@XLB My mom didn’t register me when I was born, because she figured she could always do it later - it wasn’t a priority. :frowning: I am born between those dates, and the estate issues have been resolved - the taxes filed, and inheritance split up. Is there a website or something where I can find information on avoiding the residency requirement? I haven’t found anything about this in my research. I would like to get a lawyer to figure out all this paperwork, especially since I can’t read Chinese myself, but my dad isn’t helping and I don’t know where to begin to look for one. How did you find yours? Thank you so much for all the helpful information! It’s been so difficult trying to figure this out myself when the TECO people don’t even seem to know what to do.


#8

Your grandparents and aunts in Taiwan make the process much easier than you do everything by yourself just based on your mom’s nationality.

The passport and TARC don’t allow you to work. You may need a work permit.

Ref.

Employment Service Act
http://law.moj.gov.tw/MOBILE/lawEng.aspx?pcode=N0090001
Article 79

行政院勞工委員會95年6月2日勞職規字第0950026534號函釋


#9

@paperclip

The above is direct advice i got from my lawyers, so you should be able to bypass the TARC and get the ID directly (per the process I mentioned above).

I found Teco to be unhelpful as this is one of those ‘exception to the rule’ pieces of legislation that they just don’t know the details of.

With regards to eligibility now your mother has passed away, this shouldn’t be an issue as she was a citizen at the time of your birth. This is typically the test for citizenship. Your age should also not be an issue - I’m older than you and I’m eligible.

For your plan to go to Taiwan for 3mths beginning Jan - you’ll definitely want to get your Taiwan passport before this. You then apply for a visit pass using your Taiwan passport, and enter the jurisdiction using the TW passport. The rest should then follow the process I outlined in my previous post.

If your family are helpful you can ask them to check around for good lawyers. Otherwise I’m happy to give details of the firm I’m using. They’re a big firm and their advice has been spot on (perfect match for my own research), and super prompt. They’re also fluent in English so should make things easier for you. PM me if you’d like the details.


#10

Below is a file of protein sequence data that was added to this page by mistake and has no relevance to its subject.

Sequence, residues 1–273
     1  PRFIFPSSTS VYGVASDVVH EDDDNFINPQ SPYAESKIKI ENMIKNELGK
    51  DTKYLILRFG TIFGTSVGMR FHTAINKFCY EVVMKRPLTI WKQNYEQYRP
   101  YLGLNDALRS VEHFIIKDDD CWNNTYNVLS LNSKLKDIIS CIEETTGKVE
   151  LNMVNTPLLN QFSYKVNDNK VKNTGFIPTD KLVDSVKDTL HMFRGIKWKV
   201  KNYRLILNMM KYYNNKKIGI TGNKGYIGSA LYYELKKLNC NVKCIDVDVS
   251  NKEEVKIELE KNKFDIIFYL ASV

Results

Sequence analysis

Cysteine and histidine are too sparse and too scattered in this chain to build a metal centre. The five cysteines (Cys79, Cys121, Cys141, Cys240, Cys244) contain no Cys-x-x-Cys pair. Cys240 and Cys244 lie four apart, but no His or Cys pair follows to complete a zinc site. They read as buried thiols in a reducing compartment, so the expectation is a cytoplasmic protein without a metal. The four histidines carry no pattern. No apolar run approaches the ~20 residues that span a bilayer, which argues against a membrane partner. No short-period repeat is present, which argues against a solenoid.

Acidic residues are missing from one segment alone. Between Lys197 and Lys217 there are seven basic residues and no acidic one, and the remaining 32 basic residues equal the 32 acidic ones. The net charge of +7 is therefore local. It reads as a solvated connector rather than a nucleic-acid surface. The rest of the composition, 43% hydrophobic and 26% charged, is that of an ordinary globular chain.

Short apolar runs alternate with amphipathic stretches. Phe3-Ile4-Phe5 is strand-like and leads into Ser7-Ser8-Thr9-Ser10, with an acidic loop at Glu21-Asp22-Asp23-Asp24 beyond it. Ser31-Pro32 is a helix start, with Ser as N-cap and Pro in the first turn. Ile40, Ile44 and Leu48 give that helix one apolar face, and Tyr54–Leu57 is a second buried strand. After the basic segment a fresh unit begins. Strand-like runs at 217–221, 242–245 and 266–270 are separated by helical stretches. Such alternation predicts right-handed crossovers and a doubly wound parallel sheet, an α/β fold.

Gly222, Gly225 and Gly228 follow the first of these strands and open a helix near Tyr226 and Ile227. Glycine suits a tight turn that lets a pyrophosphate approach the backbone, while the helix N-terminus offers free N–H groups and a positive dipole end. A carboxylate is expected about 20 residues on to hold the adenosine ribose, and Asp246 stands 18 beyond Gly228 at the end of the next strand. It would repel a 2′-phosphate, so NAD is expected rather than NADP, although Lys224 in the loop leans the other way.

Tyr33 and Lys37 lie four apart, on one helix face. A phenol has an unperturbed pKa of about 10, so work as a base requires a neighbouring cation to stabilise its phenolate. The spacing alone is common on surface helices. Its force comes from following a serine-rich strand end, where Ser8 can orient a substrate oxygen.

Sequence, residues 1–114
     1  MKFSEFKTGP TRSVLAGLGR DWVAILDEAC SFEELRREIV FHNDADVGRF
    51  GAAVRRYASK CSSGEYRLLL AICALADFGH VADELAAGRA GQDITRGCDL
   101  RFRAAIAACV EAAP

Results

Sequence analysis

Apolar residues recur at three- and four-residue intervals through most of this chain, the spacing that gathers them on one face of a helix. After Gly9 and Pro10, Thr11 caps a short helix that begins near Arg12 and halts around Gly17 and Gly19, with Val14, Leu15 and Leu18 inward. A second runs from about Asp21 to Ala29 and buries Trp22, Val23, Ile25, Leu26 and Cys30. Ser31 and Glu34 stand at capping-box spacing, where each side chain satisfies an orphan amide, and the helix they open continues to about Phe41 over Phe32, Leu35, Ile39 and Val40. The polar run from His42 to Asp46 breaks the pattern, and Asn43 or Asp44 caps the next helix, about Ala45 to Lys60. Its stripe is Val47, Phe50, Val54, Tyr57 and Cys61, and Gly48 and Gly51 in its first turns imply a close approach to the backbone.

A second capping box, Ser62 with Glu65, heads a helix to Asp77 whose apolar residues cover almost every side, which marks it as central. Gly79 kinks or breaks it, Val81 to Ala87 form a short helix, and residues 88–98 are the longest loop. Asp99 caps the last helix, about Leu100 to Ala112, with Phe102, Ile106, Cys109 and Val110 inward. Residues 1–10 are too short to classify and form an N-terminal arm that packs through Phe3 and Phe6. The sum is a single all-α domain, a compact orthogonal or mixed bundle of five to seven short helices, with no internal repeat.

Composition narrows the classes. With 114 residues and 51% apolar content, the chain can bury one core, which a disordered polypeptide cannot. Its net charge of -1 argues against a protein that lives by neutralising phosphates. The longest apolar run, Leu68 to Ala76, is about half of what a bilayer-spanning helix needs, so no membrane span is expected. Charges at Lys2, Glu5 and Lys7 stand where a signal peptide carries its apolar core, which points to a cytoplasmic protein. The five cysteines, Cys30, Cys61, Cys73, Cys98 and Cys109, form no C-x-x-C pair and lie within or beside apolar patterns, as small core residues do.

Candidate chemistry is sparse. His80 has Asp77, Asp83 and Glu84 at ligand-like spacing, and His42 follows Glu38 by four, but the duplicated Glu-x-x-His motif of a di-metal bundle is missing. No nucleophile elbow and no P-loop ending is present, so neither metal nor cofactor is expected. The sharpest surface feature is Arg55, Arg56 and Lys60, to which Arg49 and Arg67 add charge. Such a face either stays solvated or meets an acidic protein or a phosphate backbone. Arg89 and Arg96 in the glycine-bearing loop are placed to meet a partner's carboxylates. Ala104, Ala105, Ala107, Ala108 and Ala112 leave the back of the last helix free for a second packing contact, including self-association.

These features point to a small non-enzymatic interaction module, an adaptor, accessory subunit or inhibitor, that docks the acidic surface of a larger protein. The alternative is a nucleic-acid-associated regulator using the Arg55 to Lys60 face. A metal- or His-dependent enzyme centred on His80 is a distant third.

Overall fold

If you were born in Taiwan, you can follow @XLB’s info. Bypass TARC.

The following links are for your aunts, providing the same info with XLB’s posts in Chinese.

from New Taipey City Government

from a site of a law firm
民國六十九年二月十日至八十九年二月九日間在國內出生之臺灣地區無戶籍國民申請定居證送件須知
http://www.rootlawcom.tw/LawArticle.aspx?LawID=A040040111023100-0980616


#11

I was born in the U.S. - does this info still apply?

Thank you for all the advice. :slight_smile:


#12

I’m sorry to hear about the loss of your mom. That’s not easy for anyone.

I think you’re in an unusual situation, as XLB has already said. The reason it’s supposed to be easier to get your ID before you’re 20 is that in Taiwan, people under 20 are still minors. BUT that might also be why your Taiwanese parent must be present to register you, because you are NOT sui generis. Have you asked about whether a close family member (such as a grandparent or one of your mom’s siblings) who is Taiwanese can write an affidavit on your behalf?

My mom is Taiwanese, but I did not qualify for nationality when I was born (the law changed in 2000, I think). When I did finally start the process–I applied for an overseas passport (no ID number) in the US–my application hit a snag because I was born 6 months after my parents married, which meant I was illegitimate, according to Taiwanese law. The solution to this was that my mother had to write an affidavit stating I was indeed her daughter, despite arriving 6 months after her marriage to my father, instead of the morally and legally acceptable 9+. I wonder if there might be a similar solution like this for your case.

While Taiwanese immigration laws can be ABSURD, it has been my experience that the staff workers WILL FIND A WAY eventually to help. It’s usually a question of patience, gentle persistence and asking enough people before you get a good response. Very often, the person you deal with first doesn’t really know all of the details of every procedure, so you have to keep asking different people.